When I tell people about the Lashburn School Garden, many ask “What does that have to do with art?” And while I do think there is an art to gardening, I divert the question to “intangible culture”.
During our Animateur Orientation, it was put forth that this year we might turn our focus to Intangible Culture — the invisible ‘stuff’ that makes up the visible, touchable ‘stuff’ of culture.
So, now the dialogue with students looks something like this:
I ask “What is Culture?”
They answer by giving me every example under the sun, but never actually define it.
I tell them they are all correct and that “Everything is Culture.”
I add the metaphor of a fish swimming in water. “Does it know it’s swimming in water? No. Just like you don’t know you are swimming in your own Culture.”
And now I further add “And how do the examples of Culture you provided come to be?” … “Who braided your hair this morning? How do they know how to braid?” … “Those home made cookies you have in your lunchbox? Who made them? Where did they get that recipe?” … “Who here knows how to ride a horse, or take care of a horse? Now how did you learn that?”
… And this is my segue into gardening. “How many of you have a garden at home?” 90% of the class raise their hands. “Who tends the garden?” They tell me. “Do they take an instruction manual?” A resounding “No.” “Well, then how do they know what they are doing? How do they walk out to garden patch and know what they are doing?”
And the light bulbs go off. I see a glimmer of understanding in their eyes…. That! is Intangible Culture.
I further this discussion with the students by telling them that for the duration of this project (and hopefully henceforth) they are going to start collecting Gardening Wisdom. They are going to start talking to the gardeners in their family and ask them for any ‘tips” that will help with the success of our garden.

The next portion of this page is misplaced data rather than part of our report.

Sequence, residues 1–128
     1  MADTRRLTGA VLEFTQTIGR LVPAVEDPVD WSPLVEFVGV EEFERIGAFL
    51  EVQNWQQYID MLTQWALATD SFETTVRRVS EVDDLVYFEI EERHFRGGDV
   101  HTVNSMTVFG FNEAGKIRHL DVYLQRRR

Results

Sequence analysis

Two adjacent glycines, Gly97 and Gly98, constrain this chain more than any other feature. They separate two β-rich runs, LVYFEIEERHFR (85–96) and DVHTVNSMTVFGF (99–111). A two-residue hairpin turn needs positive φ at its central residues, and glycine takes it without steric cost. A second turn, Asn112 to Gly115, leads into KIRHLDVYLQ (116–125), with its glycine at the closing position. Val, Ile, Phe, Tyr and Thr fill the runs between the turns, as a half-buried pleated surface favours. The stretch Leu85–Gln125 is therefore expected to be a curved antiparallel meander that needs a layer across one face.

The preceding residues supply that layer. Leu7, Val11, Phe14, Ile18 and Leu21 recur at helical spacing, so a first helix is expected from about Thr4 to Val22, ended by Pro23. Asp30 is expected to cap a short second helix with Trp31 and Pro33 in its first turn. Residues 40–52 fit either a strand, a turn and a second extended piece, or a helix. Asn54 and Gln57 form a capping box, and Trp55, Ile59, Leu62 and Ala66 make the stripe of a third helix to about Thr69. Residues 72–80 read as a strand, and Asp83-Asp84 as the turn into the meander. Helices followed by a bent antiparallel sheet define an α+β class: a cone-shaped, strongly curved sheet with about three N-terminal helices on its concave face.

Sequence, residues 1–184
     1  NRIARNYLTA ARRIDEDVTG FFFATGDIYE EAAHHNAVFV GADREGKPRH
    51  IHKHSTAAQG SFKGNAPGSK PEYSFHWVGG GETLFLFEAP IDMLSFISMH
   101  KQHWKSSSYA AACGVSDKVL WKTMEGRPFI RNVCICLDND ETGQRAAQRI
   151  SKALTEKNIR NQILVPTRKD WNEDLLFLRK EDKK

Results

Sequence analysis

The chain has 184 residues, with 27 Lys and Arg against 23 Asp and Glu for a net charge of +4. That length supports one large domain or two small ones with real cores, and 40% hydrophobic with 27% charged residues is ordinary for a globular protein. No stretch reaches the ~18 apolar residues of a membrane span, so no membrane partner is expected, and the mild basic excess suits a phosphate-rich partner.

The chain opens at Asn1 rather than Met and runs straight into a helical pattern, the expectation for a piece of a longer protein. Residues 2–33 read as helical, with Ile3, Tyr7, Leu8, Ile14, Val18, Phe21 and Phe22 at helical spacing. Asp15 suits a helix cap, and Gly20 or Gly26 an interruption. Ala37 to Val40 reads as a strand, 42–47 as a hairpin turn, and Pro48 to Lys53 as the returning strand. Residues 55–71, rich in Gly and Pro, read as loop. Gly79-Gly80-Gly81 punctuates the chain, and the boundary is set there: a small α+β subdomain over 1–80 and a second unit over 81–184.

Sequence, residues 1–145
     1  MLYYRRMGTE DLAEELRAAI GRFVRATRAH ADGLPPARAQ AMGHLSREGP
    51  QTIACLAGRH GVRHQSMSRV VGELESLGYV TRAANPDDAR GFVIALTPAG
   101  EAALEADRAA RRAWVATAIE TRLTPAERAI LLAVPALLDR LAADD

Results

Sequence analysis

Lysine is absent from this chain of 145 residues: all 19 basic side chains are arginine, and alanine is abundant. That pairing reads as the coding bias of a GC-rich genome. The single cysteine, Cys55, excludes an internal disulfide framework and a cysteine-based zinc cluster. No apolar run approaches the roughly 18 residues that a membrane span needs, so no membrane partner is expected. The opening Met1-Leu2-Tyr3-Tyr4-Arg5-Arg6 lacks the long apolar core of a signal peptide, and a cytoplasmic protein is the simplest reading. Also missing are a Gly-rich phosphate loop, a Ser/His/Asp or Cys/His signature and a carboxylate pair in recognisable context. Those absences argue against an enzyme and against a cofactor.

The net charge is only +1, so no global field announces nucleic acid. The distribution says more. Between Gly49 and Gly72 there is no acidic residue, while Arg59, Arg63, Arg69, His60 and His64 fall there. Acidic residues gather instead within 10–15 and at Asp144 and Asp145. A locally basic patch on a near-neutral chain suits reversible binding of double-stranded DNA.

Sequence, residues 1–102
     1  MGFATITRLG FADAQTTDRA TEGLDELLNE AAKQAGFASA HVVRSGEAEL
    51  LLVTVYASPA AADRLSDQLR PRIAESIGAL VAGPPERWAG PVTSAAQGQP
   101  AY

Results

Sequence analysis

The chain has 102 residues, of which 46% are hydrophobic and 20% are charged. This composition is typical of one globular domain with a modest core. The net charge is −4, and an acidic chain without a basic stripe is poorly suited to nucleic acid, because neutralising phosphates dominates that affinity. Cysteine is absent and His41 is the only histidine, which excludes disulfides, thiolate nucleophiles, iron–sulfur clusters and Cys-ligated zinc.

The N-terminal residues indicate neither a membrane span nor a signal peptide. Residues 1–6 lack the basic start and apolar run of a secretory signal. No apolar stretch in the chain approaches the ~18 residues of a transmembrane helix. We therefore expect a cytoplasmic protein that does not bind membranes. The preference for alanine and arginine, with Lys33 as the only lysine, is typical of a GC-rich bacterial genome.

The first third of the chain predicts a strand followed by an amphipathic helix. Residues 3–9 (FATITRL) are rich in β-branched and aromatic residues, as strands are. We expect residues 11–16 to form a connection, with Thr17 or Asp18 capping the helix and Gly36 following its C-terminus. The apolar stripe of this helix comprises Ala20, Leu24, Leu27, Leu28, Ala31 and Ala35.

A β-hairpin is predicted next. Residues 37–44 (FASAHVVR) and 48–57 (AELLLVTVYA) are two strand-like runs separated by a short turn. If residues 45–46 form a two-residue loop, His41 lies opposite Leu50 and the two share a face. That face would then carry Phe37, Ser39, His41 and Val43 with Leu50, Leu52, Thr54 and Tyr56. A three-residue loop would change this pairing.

I then supply a few examples from my (albeit limited) experience with gardening. I tell them about a second cousin (who is an incredible farmer) who only seeds by the moon. He suggests planting seeds on full moon, not because of the light (as most presume) but because of the full moon’s potential for drawing water to the surface of the earth. I tell them about the little old lady who took one look at my garden and asked “Where are the flowers? You need flowers so the pollinators come.” I tell them about the ‘three sisters’: how the First Nation people of Southern States have always grown corn, beans, and squash together. They do this because as the corn grows the beans wrap themselves around the stalk and flourish from the corn’s strength, and the squash spreads at the ground’s surface to protect the soil and plants from dehydration. I reiterate that certain plants like growing together and others do not. And we need to know this kind of information. So they need to ask the gardeners in their families.
We’ve started to collect these pearls wisdom on recipe cards, and I imagine that with time we will have quite the arsenal of Gardening Wisdom.
I end this conversation with the students of Lashburn by reiterating that we really are a Gardening Culture. “If I was in downtown Toronto,” I query, “how many kids would put up their hands when I ask who has a garden?” Not very many I suspect.
Although I think it is a right to be able to grow one’s own food, to have access to fresh, untampered pesticide-herbicide free food, it is fast becoming a privilege more than a right in this world. So I remind the students how important this is, that we preserve the Intangible Culture of Gardening.